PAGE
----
141.     int numresult;
  142.     // Compare the first 11 characters of str12 and str22
  143.         //without regard to case */
  144.     numresult = strnicmp(str12, str22, 11);
  145.      if (numresult < 0)
  146.       printf("String 1 is less than string2.\n");
  147.      else
  148.         if (numresult > 0)
  149.          printf("String 1 is greater than string2.\n");
  150.         else
  151.              printf("The two strings are equivalent.\n");
  152.      /* return 0;
  153.     }
  154.  
  155.  
  156.  
  157.      C program to demonstrate strdup()
  158.     #include<stdio.h>
  159.     #include<string.h>
  160.  
  161.     int main()
  162.     { */
  163.     char source[] = "GeeksForGeeks";
  164.  
  165.     // A copy of source is created dynamically
  166.     // and pointer to copy is returned.
  167.     char* target = strdup(source);
  168.  
  169.     printf("%s", target);
  170.     /* return 0;
  171.     }
  172.     //Output:
  173.  
  174.     //GeeksForGeeks
  175.  
  176.  
  177.  
  178.     // C program to demonstrate strndup()
  179.     #include<stdio.h>
  180.     #include<string.h>
  181.  
  182.     int main()
  183.     { */
  184.         char source0[] = "GeeksForGeeks";
  185.  
  186.     // 5 bytes of source0 are copied to a new memory
  187.     // allocated dynamically and pointer to copied
  188.     // memory is returned.
  189.         char* target0 = strndup(source0, 5);
  190.  
  191.         printf("%s", target0);
  192.         /* return 0;
  193.     }
  194.     //Output:
  195.  
  196.     //Geeks
  197.  
  198.  
  199.     // C code to demonstrate the working of
  200.     // strrchr()
  201.  
  202.     #include <stdio.h>
  203.     #include <string.h>
  204.  
  205.     // Driver function
  206.     int main()
  207.     { */
  208.  
  209.         // initializing variables
  210.         char st[] = "GeeksforGeeks";
  211.         char ch = 'e';
  212.         char* val;
  213.  
  214.         // Use of strrchr()
  215.         // returns "ks"
  216.         val = strrchr(st, ch);
  217.  
  218.         printf("String after last %c is : %s \n", ch, val);
  219.  
  220.         char ch2 = 'm';
  221.  
  222.         // Use of strrchr()
  223.         // returns null
  224.         // test for null
  225.         val = strrchr(st, ch2);
  226.  
  227.         printf("String after last %c is : %s ", ch2, val);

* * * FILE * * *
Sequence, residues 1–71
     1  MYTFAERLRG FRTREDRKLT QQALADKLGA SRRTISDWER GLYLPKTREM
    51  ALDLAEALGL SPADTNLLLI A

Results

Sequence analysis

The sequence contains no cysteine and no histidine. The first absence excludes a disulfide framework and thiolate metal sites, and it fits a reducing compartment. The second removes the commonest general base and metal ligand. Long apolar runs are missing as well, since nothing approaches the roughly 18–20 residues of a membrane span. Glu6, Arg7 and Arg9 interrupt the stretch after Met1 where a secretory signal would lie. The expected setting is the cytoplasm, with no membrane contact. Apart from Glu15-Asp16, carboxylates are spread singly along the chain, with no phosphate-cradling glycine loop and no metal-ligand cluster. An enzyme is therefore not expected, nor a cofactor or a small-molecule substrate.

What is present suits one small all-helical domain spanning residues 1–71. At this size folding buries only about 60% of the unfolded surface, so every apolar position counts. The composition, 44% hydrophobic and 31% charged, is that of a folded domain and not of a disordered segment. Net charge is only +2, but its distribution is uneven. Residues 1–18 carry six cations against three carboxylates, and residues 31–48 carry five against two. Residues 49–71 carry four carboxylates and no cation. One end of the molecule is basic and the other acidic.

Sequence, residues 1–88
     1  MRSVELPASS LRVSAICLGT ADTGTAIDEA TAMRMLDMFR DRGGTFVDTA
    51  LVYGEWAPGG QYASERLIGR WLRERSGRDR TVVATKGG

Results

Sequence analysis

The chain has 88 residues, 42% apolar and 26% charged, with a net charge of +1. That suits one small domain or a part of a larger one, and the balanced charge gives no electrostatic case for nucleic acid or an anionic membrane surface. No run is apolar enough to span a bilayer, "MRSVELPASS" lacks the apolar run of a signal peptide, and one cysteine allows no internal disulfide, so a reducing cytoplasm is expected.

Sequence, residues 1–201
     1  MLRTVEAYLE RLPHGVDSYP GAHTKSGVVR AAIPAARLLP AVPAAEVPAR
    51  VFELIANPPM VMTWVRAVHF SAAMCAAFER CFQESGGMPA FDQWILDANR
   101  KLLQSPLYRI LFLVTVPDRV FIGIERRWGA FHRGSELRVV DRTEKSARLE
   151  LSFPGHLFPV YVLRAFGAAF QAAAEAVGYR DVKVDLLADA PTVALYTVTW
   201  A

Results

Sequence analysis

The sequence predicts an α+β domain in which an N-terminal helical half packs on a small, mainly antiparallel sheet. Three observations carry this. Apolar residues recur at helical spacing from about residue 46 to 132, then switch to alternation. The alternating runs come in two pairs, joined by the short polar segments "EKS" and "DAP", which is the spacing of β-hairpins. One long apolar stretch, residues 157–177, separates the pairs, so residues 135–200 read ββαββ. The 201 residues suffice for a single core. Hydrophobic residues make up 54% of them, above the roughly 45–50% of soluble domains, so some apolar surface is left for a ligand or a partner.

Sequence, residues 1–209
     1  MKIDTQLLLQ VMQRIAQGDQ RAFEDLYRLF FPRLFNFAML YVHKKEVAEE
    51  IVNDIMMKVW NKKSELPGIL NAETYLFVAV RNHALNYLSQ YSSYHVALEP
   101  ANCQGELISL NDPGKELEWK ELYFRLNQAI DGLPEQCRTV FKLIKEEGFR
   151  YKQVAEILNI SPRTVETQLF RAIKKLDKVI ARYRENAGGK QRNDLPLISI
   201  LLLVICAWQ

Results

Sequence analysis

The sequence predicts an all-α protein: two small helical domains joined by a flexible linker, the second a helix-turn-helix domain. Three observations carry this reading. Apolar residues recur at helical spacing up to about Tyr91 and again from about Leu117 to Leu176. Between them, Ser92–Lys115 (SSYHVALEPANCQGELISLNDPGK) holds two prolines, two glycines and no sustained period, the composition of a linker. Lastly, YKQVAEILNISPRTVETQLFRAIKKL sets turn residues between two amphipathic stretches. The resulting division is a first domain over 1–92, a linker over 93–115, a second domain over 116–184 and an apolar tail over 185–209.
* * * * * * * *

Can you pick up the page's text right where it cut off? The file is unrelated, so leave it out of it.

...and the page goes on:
228.  
  229.        /*  return (0);
  230.     }
  231.     Output:
  232.  
  233.  
  234.     String after last e is :  eks
  235.     String after last m is :  (null)    
  236.  
  237.  
  238.  
  239.  
  240.  
  241.     // C code to demonstrate the application of
  242.     // strrchr()
  243.  
  244.     #include <stdio.h>
  245.     #include <string.h>
  246.  
  247.     // Driver function
  248.     int main()
  249.     { */
  250.  
  251.         // initializing the denomination
  252.         char denom[] = "Rs 10000000";
  253.  
  254.         // Printing original string
  255.         printf("The original string is : %s", denom);
  256.  
  257.         // initializing the initial number
  258.         char first1 = '1';
  259.         char* entire1;
  260.  
  261.         // Use of strrchr()
  262.         // returns entire1 number
  263.         entire1 = strrchr(denom, first1);
  264.  
  265.         printf("\nThe denomination value is : %s ", entire1);
  266.  
  267.         /* return (0);
  268.     }
  269.  
  270.  
  271.     //Output:
  272.  
  273.  
  274.    //he original string is : Rs 10000000
  275.     //The denomination value is : 10000000
  276.  
  277.  
  278.  
  279.  
  280.  
  281.     //strstr */
  282.         const char haystack[20] = "TutorialsPoint";
  283.         const char needle[10] = "Point";
  284.         char *ret;
  285.         ret = strstr(haystack, needle);
  286.         printf("The substring is: %s\n", ret);
  287.    
  288.     //strset
  289.         char str0[20] = "Test String";
  290.         printf("Original string is : %s", str0);
  291.         printf("Test string after strset() : %s",strset(str0,'#'));
  292.         printf("After string set: %s",str0);
  293.    
  294.     //strnset
  295.    
  296.         char str00[] = "GeeksforGeeks";
  297.         printf("Original String: %s\n", str00);
  298.         // First 5 character of string str
  299.         // replaced by character '*'
  300.         printf("Modified String: %s\n", strnset(str00, '*', 5));
  301.    
  302.         //strrev
  303.         char str[50] = "geeksforgeeks";
  304.  
  305.         printf("The given string is =%s\n",str);
  306.         printf("After reversing string is =%s",strrev(str));
  307.    
  308.         printf("\n");
  309.  
  310.  
  311.         printf("\n");
  312.     return 0;
  313. }